- Any pre/prepared food that doesn’t require heating
Protection here is a broad term. In your disaster plan, you need to account for several elements. I’ll discuss each one below.
Elements – You need to have protection from the elements, hopefully, you are at your house and it is structurally sound. But if you live north and this disaster happened in the winter, you’ll need a lot of blankets and warm clothes just to stay inside your house. Make sure you are protected from bad weather and are as comfortable as possible.
Violence – This one is one of the hardest parts to think about in any disaster plan. The longer an emergency goes the more likely society is likely to break down. There will be those who will steal from stores, and eventually from you. It’s not that hard to put yourself in their shoes. If you didn’t follow any of the guidelines in this article, and you and your family were starving, how far would you go to get food/medicine/supplies for them?
In the United States, there are only about 2 law enforcement officers (federal, state, county, local) per 1000 residents. If you believe that 0.2% of the population will keep you safe during a disaster, I know a Nigerian prince who needs your help.
Now since you are prepared, you also have to mentally prepare yourself to defend from any bad actors. The police will NOT be there to protect you. If the officers aren’t already protecting their own family, they will be protecting critical infrastructure. How would you signal them anyway? You have to be ready and able to be self-sufficient in your protection. The great equalizer is a firearm. If you don’t own a weapon, please go get some training and buy one.
If you’ve ever been in a power outage you realize how you take light for granted. You can easily buy a large pack of flashlights like this, but ideally, you should have a small solar/hand crank flashlight like this.
Your debit cards and credit cards aren’t going to work. Make sure you have enough cash to buy what you need just in case. Small bills are best.
The next set of items are really nice to have and can make dealing with a crisis easier, but you only move on to these AFTER you secure the items in the needs section above.
There are a couple of ways you can go with this, either you have solar panels WITH a battery backup or you have a generator with extra gas. Both have positives and negatives to each, and in most cases neither are necessary.
Solar with Battery backup
Many newer homes these days have solar panels on the roof, most houses don’t have any sort of battery backup, however. If having electricity is part of your disaster plan, this is probably the best way to go. It is also by far the most expensive way to get power.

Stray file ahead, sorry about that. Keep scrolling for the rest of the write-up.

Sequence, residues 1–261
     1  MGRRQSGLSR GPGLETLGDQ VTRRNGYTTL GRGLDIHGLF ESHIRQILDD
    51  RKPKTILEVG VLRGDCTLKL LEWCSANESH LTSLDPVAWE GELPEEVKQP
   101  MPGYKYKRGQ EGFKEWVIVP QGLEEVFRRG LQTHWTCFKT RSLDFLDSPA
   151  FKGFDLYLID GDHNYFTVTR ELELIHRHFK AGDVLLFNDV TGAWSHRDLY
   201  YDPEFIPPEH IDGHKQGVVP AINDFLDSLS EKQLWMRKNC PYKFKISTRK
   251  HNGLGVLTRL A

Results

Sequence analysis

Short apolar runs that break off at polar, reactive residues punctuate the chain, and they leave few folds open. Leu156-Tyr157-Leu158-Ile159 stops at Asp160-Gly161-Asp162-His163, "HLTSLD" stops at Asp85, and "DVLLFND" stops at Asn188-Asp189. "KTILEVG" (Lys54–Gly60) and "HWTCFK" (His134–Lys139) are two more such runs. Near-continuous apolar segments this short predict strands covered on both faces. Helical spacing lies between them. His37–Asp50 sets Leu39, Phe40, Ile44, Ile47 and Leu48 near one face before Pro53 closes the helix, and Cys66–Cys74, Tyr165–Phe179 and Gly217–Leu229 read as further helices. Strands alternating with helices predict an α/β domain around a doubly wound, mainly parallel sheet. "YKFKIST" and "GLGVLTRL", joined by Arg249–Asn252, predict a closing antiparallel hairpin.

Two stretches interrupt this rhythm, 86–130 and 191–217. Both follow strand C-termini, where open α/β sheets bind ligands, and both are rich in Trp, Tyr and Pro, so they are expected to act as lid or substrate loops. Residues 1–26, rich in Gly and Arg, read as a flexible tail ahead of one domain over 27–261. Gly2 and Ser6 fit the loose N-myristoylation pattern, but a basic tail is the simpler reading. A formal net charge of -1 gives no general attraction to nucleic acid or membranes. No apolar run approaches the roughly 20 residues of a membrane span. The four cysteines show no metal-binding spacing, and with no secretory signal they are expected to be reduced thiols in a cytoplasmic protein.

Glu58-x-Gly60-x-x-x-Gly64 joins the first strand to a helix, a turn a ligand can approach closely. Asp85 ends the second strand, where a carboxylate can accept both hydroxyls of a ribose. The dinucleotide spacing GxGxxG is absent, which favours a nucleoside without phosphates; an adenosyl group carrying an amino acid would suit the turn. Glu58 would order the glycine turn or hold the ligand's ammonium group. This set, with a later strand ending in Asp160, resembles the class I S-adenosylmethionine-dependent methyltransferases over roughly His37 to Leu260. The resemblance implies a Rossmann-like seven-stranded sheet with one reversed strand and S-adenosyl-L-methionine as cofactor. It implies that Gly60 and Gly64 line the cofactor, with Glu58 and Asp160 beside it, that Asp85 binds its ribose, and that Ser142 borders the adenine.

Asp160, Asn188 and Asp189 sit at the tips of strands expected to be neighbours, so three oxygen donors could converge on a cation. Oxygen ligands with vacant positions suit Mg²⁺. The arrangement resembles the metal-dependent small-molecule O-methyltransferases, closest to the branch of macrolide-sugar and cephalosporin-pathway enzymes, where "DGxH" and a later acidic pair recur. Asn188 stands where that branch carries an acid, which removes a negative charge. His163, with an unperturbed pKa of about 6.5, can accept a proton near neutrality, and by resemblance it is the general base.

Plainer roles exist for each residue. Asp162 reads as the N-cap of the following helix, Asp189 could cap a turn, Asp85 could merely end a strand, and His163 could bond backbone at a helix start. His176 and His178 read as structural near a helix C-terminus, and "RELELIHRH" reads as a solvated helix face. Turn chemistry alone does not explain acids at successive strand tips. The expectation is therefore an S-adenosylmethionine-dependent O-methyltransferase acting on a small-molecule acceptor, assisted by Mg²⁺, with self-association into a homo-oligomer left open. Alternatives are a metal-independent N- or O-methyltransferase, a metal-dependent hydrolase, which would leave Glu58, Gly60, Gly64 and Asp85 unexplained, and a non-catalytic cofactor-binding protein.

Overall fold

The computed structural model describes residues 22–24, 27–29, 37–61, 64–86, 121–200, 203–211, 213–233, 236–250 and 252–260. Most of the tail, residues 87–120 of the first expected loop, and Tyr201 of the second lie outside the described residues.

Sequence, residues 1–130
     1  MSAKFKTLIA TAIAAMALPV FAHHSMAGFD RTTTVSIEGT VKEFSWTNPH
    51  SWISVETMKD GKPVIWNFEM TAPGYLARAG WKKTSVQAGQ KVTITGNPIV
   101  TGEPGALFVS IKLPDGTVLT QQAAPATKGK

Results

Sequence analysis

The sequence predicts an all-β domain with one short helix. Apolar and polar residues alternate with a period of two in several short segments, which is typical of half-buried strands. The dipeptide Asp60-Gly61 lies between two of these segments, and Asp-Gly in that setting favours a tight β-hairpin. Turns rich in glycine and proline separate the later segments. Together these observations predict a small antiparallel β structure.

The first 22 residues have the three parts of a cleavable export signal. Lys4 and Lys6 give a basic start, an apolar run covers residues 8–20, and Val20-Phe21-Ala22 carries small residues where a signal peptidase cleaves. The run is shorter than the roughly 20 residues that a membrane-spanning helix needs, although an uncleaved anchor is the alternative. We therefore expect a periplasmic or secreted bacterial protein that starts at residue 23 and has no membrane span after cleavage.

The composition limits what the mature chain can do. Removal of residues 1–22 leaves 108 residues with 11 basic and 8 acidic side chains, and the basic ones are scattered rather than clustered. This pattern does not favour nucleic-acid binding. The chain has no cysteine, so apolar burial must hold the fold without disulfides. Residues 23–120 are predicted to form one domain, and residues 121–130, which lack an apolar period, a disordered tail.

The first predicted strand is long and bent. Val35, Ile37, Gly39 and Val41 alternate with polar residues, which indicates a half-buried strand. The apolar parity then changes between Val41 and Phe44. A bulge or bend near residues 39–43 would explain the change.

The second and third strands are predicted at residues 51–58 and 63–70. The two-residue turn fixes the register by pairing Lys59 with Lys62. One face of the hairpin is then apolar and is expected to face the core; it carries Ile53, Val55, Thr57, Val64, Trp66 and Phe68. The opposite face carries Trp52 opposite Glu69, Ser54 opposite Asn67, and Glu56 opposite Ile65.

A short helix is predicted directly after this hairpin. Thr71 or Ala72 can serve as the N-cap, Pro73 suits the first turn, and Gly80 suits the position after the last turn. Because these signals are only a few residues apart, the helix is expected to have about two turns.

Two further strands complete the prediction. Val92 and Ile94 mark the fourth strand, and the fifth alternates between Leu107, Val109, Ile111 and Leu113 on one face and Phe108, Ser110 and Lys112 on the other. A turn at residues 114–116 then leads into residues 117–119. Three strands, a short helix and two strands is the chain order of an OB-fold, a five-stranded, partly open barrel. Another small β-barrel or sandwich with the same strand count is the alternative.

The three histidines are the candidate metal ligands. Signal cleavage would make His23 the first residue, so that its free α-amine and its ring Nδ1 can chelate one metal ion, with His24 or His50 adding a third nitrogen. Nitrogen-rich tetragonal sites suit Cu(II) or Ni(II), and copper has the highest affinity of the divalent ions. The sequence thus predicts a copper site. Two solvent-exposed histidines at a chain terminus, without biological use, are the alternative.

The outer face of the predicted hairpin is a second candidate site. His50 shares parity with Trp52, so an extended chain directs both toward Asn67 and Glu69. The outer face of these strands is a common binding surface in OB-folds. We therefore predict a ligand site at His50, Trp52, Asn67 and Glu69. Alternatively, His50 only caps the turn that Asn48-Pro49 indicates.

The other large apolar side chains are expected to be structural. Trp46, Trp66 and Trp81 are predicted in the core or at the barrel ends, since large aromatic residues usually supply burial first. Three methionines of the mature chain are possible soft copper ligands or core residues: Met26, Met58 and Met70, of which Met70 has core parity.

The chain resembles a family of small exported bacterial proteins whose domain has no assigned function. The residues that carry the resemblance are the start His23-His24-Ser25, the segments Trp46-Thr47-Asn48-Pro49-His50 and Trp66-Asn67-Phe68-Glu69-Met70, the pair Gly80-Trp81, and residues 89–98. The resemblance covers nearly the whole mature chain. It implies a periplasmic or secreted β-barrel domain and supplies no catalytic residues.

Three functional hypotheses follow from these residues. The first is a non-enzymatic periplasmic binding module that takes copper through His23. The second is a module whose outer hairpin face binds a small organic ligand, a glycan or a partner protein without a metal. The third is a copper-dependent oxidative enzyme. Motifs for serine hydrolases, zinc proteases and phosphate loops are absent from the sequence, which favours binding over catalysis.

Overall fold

Generator and fuel
Buying an inexpensive generator and having enough fuel on hand is a cost-effective way to have electricity. Keep in mind that you won’t be able to go to the gas station and refill your gas cans. You will likely need to keep many gallons on hand for this to be useful.
*Note on electricity. IF you choose to have a generator or Solar, you will likely be one of the only ones in your neighborhood with it. This could make you an interesting target for people who would take advantage of you, or just looking for a handout.
I’m putting transportation in this section because if you have planned accordingly above you’ll have everything you need, and will be able to stay put at your house until the emergency subsides. As part of your disaster plan, you should at least consider being able to leave the area if necessary and desired.
½ tank rule – This is more of a lifestyle change for most people, however a very important part of any disaster plan. This is also the most simple thing you can do, fill up your tank of gas when it gets to ½ tank – don’t go below. Simple right? But think about it, if the power goes out and you are running on fumes, your car doesn’t mean anything, and now you are on foot. If everything in society is fine, you’d just call AAA and someone would come to bring you gas, no problem.
Until it is a problem.
There is a reason this is common practice with emergency service vehicles. Many of the cops I know do this with their personal vehicles.
Besides this rule, you also have a couple of other methods of transportation to consider. The best would be some type of off-road vehicle. A 4×4 pickup or SUV would be ideal, however, a dirtbike or other motorcycle would work as well. Basically you want something that you could take-off of the main roads and be ok. I live next to a huge population center, and the mass exodus a large scale disaster would cause could make traveling by normal roads less than ideal.
The last option, right above walking, would be a bicycle. If you are in even halfway decent shape you can do 50 miles in a day on a bike. That is certainly better than walking 50 miles.
What to do when disaster strikes?
This one is all about mindset. After you have checked your house, made sure your family is safe and no one is injured, you must flip that mental switch. You may not have wanted this to happen, but it did. Ensure that you keep your family safe and rely on the disaster plan you made to persevere through the disaster.
The most important takeaway here is to develop a disaster plan. A little planning ahead of time will go a long way in case something really negative goes down.